LEXUS is following the lead of other high-end luxury car makers and working hard to expand its brand into a broader lifestyle arena, to take the L-badge beyond being a company that merely sells vehicles in showrooms.
A recent project to create the company’s first boat – the 42-foot Sport Yacht – was among the first strategic moves into other lifestyle realms, but it will be followed by more.
The recent sponsorship of Yoshihide Muroya helped the ace pilot secure the 2017 Red Bull Air Race championship and a more recent venture will see a Lexus LC500 feature in the new Black Panther feature film.
“We support young and upcoming talent – creators, film-makers and young designers – because Lexus is also a young brand so we can grow together,” Lexus president Yoshihiro Sawa said to Wheels at the North American International Auto Show in Detroit.
“That is based on our Lexus philosophy – creating better design, creating a better future, a better lifestyle. That is a way to create a better life together with people.”
The Japanese car maker has toiled for nearly 30 years to forge a reputation as a purveyor of respectable luxury cars but for the next chapter, it says it needs to tell a ‘story’ that customers can relate to.
“It is really important to create a story because a luxury lifestyle brand must have a background history otherwise people don’t appreciate it,” Sawa said. “It’s just a product.”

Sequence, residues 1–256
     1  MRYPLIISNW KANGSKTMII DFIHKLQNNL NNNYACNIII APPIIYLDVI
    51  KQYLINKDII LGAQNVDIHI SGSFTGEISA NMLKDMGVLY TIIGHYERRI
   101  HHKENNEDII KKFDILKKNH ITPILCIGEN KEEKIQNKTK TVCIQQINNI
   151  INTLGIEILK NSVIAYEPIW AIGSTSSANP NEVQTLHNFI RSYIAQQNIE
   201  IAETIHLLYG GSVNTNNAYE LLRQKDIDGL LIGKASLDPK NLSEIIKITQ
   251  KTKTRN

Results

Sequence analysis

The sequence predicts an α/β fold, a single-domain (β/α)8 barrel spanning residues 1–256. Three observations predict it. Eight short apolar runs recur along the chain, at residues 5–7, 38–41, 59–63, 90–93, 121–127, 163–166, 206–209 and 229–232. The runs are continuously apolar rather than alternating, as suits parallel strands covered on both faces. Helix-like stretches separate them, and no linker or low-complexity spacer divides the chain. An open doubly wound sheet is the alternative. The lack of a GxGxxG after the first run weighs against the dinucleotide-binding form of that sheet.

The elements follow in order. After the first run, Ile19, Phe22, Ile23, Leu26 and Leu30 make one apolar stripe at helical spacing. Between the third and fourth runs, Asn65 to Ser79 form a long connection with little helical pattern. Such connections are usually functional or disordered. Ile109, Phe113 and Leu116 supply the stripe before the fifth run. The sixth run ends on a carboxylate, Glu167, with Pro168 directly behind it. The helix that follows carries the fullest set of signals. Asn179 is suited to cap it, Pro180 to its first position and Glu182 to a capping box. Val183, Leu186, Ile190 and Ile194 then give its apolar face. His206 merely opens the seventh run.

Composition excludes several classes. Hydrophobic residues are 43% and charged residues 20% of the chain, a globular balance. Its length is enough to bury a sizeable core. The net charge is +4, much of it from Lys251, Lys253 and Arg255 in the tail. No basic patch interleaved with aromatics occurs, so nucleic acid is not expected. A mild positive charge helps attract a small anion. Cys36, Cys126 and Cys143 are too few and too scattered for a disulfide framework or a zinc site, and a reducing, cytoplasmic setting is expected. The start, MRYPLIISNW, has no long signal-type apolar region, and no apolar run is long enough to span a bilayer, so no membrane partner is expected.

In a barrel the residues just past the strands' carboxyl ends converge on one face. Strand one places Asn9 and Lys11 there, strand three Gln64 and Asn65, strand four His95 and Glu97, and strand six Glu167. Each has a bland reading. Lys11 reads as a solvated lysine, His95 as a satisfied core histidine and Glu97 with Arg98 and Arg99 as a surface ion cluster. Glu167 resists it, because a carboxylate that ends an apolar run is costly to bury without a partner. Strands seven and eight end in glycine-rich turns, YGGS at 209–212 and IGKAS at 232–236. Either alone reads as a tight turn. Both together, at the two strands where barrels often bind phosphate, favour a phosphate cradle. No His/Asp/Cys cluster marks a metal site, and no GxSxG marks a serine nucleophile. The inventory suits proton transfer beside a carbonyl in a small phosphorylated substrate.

While other brands have long colourful histories of manufacturing and motorsport that extend back many decades, Lexus is a relative newcomer to the luxury automotive arena, but Sawa explained that there is still a story to tell despite its youth.
A series of photo and video diaries has been documenting the activities of Lexus’ expert craftsmen and the lengths they go to build a modern Lexus, revealing some of the magic previously unavailable to customers.
“We have a lot of professional craftsmen. They produce a lot of good things but we’ve built a car without any explanation. If we show something it’s going to be the story.”
Sawa explained that the most senior panel and paint quality assessors must make an origami paper sculpture with their least dominant hand each morning before work commences to maintain dexterity and sensitivity.
Elsewhere in the body section, the staff that monitor panel gaps have to pass a test each day in which they have to correctly measure a gap by touch alone. The inspectors must be able to feel the difference of about 0.2mm to make the grade.
“They do the testing every morning and they cannot work if they fail,” said Sawa.
The result, says Sawa, is a greater understanding and appreciation for the finished article and a customer that admires the product more than ever.
“If we show the customer, the customer says ‘wow my car was created in such a fantastic way’.”